Scientists have learned more about ‘Oumuamua, the hunk of matter that is the first known interstellar object to ever be detected by scientists within the boundary of the solar system. Specifically, observations performed by researchers using the Spitzer Space Telescope and published in The Astronomical Journal have determined that prior observations likely established too generous an upper boundary on how large it could be.
Tagged With oumuamua
On October 19, 2017, a strange object from outside the Solar System whizzed by the Earth, exciting scientists and non-scientists alike. Immediately, some people speculated that this interstellar visitor could be an alien spacecraft. But we’re here to report that, despite a recent paper, there’s no reason to think ‘Oumuamua is an alien ship, yet.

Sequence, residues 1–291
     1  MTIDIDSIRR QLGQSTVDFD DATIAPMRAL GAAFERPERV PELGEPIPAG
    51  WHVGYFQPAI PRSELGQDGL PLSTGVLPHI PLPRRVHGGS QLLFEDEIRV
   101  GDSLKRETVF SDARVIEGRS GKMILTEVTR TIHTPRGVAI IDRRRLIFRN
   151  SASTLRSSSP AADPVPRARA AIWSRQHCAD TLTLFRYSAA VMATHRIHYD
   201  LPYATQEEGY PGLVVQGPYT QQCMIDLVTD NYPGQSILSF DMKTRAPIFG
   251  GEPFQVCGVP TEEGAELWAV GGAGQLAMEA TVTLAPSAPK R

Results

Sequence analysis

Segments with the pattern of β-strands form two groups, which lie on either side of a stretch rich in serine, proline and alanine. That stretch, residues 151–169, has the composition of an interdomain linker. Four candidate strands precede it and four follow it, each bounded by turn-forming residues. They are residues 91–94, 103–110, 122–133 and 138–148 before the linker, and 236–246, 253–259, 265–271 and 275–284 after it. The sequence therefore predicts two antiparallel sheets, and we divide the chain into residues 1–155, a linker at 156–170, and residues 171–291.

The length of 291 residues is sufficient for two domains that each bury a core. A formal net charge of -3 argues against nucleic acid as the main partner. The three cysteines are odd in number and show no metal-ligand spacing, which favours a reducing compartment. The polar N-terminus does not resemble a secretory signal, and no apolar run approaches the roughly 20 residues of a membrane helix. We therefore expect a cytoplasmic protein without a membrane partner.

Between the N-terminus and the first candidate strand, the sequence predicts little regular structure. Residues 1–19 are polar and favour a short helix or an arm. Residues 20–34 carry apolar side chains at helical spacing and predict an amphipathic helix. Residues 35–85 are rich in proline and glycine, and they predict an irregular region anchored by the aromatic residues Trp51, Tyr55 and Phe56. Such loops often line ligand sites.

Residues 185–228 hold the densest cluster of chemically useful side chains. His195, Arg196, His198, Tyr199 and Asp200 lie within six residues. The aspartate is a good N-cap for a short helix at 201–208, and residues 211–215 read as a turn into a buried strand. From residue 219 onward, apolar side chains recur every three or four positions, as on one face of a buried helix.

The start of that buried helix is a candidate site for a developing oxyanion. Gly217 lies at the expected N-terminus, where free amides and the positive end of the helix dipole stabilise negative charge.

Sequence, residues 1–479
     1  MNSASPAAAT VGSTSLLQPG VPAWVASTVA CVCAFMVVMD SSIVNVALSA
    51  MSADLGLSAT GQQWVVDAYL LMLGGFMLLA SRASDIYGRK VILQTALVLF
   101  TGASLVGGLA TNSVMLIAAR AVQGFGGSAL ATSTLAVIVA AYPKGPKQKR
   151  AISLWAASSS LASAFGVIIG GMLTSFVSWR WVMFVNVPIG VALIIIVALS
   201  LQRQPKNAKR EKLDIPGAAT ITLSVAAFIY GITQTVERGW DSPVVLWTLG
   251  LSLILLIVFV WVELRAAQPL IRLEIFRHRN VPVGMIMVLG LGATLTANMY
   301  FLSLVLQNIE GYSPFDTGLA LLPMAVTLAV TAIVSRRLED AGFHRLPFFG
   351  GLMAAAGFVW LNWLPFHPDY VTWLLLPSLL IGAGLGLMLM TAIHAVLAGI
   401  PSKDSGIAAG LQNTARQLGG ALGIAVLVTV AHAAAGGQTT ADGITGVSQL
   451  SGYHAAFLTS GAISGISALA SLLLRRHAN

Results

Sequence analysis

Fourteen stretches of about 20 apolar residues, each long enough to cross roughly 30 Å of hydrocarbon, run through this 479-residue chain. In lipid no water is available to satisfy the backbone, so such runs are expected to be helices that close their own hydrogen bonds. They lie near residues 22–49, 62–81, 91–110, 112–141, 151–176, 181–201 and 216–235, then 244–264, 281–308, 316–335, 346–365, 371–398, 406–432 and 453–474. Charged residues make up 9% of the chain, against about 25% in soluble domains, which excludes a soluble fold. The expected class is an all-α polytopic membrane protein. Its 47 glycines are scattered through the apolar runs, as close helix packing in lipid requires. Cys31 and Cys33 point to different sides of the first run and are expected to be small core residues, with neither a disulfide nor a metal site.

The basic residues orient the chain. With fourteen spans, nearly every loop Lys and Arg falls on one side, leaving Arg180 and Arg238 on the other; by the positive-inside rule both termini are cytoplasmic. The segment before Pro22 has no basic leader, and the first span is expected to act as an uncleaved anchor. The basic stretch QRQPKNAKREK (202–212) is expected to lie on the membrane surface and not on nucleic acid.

Life may exist elsewhere in the Milky Way galaxy, though try as they might, scientists have yet to detect any sign of it. Part of the problem has to do with the size of space; finding traces of organic substances or the waste signatures of alien megastructures isn’t easy at such cosmic distances. Fortunately, there’s the possibility that alien life will come to us in the form of interstellar objects.
Late last year, astronomers detected the first known interstellar asteroid, dubbed 'Oumuamua. New research suggests these exotic objects are more abundant than we thought, an observation that boosts the panspermia hypothesis - the idea that asteroids seeded life on Earth. At the same time, the presence of so many foreign objects in our Solar System could also change the way we search for extraterrestrial life.
On October 19, 2017, astronomers witnessed the first known interstellar asteroid - a bizarre, cigar-shaped rock that, just as quickly as it entered into our Solar System, exited in a hurry. Not satisfied that 'Oumuamua, as it's been named, is just an odd asteroid, astronomers from Breakthrough Listen recently tuned their Green Bank telescope into the object to see if it's an alien spaceship or some kind of probe. The preliminary results are now in and - brace yourself - it's still a rock.